New road safety signs ‘cause crashes’

The Daily Telegraph - Business - - Front Page - By Rus­sell Lynch

FRIGHT­EN­ING dig­i­tal warn­ing signs meant to pro­mote road safety cause more crashes than they pre­vent, economists have found.

Re­searchers looked at “in your face” warn­ings in Texas which dis­played mes­sages such as “1,669 deaths this year on Texas roads”.

They found that the num­ber of crashes in the 10km (six miles) af­ter the signs were up to 8pc higher dur­ing the weeks that the mes­sages were shown.

The big­ger the fa­tal­ity num­ber dis­played and more com­plex the road net­work, the more accidents there were.

The study, by the Univer­sity of Toronto’s Jonathan Hall and Justin Mad­sen of the Univer­sity of Min­nesota, sug­gests the ini­tia­tive caused an ex­tra 2,600 crashes in Texas alone.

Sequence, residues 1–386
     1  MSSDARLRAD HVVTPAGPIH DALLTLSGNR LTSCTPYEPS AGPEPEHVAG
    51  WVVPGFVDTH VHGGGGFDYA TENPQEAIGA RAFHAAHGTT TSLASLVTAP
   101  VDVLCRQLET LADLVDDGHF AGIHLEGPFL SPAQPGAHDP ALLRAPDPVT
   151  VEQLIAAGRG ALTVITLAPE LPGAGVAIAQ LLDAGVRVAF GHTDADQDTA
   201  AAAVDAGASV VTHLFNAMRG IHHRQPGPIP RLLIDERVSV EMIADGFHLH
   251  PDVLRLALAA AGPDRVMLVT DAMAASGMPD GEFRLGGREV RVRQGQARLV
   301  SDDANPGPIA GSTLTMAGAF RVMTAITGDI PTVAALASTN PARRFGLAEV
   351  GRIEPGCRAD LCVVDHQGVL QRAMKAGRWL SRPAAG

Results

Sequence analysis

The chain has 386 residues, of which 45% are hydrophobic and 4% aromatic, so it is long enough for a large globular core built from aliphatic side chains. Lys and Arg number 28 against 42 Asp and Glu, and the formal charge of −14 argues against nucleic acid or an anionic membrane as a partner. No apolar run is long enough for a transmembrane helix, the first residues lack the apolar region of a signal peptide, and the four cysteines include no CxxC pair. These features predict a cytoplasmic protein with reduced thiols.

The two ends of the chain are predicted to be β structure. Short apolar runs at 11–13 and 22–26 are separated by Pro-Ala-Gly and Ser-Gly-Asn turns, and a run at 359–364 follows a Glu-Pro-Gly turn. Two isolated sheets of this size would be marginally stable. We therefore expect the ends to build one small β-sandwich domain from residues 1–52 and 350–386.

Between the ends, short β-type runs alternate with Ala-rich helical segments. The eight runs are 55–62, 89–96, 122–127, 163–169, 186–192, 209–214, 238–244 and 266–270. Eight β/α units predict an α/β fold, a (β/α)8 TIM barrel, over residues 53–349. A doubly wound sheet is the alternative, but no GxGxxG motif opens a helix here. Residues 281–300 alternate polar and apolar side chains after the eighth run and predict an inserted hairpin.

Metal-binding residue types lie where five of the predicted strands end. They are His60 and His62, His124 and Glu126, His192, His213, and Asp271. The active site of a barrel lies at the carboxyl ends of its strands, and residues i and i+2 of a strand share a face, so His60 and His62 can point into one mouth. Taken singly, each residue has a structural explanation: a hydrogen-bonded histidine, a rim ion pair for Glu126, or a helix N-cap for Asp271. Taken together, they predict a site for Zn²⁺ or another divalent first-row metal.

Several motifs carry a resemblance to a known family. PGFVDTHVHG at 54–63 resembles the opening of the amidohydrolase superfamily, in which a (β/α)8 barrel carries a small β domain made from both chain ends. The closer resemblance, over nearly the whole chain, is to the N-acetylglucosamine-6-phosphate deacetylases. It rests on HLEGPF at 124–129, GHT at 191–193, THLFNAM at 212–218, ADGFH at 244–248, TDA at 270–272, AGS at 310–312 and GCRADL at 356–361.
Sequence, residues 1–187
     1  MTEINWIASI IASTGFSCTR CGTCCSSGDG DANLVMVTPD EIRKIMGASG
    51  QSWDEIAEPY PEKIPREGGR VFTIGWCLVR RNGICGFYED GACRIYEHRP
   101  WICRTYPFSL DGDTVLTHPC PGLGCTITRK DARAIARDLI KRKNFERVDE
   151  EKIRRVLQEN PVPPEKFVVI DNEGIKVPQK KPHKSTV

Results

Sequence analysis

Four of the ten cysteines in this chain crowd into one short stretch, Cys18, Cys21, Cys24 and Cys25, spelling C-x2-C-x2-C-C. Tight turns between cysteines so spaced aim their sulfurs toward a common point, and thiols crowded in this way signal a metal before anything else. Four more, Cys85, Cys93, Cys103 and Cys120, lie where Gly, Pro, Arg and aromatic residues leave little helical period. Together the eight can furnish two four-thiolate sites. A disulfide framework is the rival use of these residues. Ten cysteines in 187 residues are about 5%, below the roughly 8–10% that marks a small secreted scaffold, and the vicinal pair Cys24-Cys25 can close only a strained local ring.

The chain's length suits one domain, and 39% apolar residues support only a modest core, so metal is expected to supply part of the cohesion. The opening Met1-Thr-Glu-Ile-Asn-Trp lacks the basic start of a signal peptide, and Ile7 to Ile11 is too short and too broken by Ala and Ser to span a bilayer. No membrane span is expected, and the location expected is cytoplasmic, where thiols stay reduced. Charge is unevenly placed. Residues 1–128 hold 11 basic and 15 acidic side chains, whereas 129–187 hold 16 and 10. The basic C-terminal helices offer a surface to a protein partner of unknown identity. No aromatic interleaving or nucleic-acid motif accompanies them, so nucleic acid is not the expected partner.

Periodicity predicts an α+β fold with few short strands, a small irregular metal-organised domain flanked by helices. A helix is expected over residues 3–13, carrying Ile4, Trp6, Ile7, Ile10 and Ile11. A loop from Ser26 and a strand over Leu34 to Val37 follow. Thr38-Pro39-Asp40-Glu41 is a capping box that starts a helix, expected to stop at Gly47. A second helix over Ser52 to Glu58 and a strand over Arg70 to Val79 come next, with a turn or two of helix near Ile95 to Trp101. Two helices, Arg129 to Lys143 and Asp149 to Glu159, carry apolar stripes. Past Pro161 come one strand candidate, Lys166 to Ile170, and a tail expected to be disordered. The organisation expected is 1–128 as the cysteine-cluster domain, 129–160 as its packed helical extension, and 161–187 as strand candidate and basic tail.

Across the 26 states us­ing the signs, the au­thors sug­gest around 80 deaths a year and 13,000 ex­tra crashes could have been caused – at a cost to so­ci­ety of $1.9bn (£1.4bn).

Their re­search runs counter to a fo­cus on be­havioural eco­nomics in pub­lic pol­icy as a cheap way of in­flu­enc­ing peo­ple to pay tax on time, epit­o­mised by the so­called Nudge unit that David Cameron set up in 2010.

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